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Voices of Hope: A Young Girl's Story
This month, the Bush Institute is proud to celebrate the release of We Are Afghan Women: Voices of Hope. With an introduction by Mrs. Laura Bush, the book highlights the stories of extraordinarily resilient women and their struggles, successes, and resolve in present-day Afghanistan.
To coincide with the book launch, the Bush Institute’s Women’s Initiative will spotlight organizations and individuals who are doing important work in Afghanistan through a “Voices of Hope” blog series over the next several weeks.
As Mrs. Bush has said, “It is important for those of us around the world, both women and men, to stop and listen to Afghanistan’s women. By listening, we also have a chance to learn.”
Dr. Sakena Yacoobi, one of the Afghan women featured in the new book, We Are Afghan Women: Voices of Hope, participated in a discussion with Mrs. Bush hosted by Politico in Washington, D.C this week. Dr. Yacoobi started 80 underground schools for girls inside Afghanistan during Taliban control. Today, she is the founder and CEO of the Afghan Institute of Learning, one of the largest Afghan nongovernmental organizations.
Below, she shares a “voice of hope” from a young Afghan girl named Fatima.
Fatima was brought to the Girls Orphanage in Herat by relatives when she was eight years old. Both of Fatima’s parents had died and she had no brothers or sisters. When she arrived, she was devastated by the loss of her family and was very unhappy, but she settled into life at the orphanage and went to school. When the Afghan Institute of Learning (AIL) began working with the Girls Orphanage and set up a Learning Center offering computer and tailoring classes in the afternoon, Fatima was quick to join the classes.
Fatima is now studying at an eighth grade level and has excellent computer and tailoring skills. She works for a small NGO in Herat teaching other students tailoring and computer work. They are paying her so she has begun to earn money for herself. All of this has transformed Fatima; her self confidence is high and she has a hopeful view of life. She is happy, always helping younger students with their homework, and is looking forward to finishing high school. Fatima wants to go on to university and become a teacher.
AIL has reached 12.5 million Afghan women and children since 1995, providing education to over 21,000 students each year through its innovative Learning Center program. Subjects taught range from literacy, math and English to computers and other income-generating skills like sewing, carpet weaving and traditional crafts.
AIL works holistically to treat the whole person and circumstance. It provides quality training to teachers and provides training to others in society on topics such as democracy, health, human rights and elections. AIL provides health education and health services to 228,000 people each year. Healthy people can improve their lives through being productive at their work and gaining education. AIL’s combination of education, health and quality training is what creates sustained change in families, communities and Afghan society as a whole.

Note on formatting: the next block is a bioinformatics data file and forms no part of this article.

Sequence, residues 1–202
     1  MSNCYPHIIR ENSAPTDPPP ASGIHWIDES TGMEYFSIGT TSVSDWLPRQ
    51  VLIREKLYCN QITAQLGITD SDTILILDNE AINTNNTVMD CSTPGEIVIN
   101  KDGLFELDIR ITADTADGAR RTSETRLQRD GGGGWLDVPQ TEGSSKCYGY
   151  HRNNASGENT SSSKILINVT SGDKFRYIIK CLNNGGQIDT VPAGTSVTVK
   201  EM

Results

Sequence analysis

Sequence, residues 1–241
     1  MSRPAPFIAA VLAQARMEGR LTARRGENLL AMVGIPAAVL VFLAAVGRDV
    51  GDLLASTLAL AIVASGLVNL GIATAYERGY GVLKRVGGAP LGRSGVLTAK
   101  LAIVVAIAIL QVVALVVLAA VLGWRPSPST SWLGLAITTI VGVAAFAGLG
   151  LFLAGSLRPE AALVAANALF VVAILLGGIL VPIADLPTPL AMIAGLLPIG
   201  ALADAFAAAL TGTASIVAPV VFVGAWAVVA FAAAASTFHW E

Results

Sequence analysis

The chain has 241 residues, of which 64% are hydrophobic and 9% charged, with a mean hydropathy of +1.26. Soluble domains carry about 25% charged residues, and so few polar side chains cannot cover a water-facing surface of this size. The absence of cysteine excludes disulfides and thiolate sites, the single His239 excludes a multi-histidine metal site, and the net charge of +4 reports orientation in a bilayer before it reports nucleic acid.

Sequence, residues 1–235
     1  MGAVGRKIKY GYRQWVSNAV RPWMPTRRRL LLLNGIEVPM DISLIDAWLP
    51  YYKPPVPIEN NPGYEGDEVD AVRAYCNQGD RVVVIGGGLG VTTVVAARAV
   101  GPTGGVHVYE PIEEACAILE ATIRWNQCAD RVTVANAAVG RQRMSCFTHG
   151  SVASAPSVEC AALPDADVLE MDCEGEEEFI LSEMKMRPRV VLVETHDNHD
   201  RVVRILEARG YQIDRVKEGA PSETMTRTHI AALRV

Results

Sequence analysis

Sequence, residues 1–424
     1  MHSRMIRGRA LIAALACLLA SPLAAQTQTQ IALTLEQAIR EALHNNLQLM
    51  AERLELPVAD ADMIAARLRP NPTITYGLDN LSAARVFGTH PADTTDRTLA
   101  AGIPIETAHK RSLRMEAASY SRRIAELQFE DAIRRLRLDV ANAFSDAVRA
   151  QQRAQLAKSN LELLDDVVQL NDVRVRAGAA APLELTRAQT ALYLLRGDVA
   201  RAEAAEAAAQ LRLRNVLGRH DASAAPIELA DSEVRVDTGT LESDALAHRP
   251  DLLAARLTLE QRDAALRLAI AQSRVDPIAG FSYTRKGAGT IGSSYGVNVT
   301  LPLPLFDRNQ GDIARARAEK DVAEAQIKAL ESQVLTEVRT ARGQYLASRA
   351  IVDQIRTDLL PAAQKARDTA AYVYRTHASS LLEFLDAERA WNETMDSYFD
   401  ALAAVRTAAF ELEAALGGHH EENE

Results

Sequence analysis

For more information, visit www.afghaninstituteoflearning.org.
Q&A with Dr. Nilofar Ibrahimi, Member of Parliament, Afghanistan
Dr. Nilofar Ibrahimi is a member of the national assembly of Afghanistan. She represents Badakhshan province in the Wolesi Jirga (house of representatives). Her story is one of survival, pursuit of dreams, and dedication to women’s well-being and health. Here, Dr. Ibrahimi shares her thoughts on the current state of Afghan women’s empowerment, the challenges women face in achieving equal rights, and the impact women have on the country’s long-term peace, security, and prosperity.
Global Leadership: A Look Back At 2017
As we celebrate 2017, we reflect on some of the top moments from the Bush Institute's Global Leadership Impact Center, home to the Human Freedom initiative, Women's Initiative, and Global Health initiative.
In Case You Missed It: The Breadwinner, an animated film about the strength and resilience of Afghan women and girls, premieres in the U.S.
The Breadwinner, a new animated film from executive producer Angelina Jolie, tells the story of Parvana, an 11-year-old girl growing up under the Taliban in Afghanistan in 2001. When her father is wrongfully arrested, Parvana disguises herself as a boy in order to support her family. With dauntless perseverance, Parvana draws strength from the stories her father told her, and ultimately risks her life to discover if he is still alive. The Breadwinner is an inspiring reminder of the power of stories, and their potential to unite and heal us all. It also provides an important spotlight on the struggle endured by Afghan families during the Taliban regime and the resilience of women and girls and their influence in building a brighter future for Afghanistan. Last year, the Bush Institute released We Are Afghan Women: Voices of Hope, which spotlights more of these courageous stories of Afghan women. Learn more about the book and our work by visiting:&nb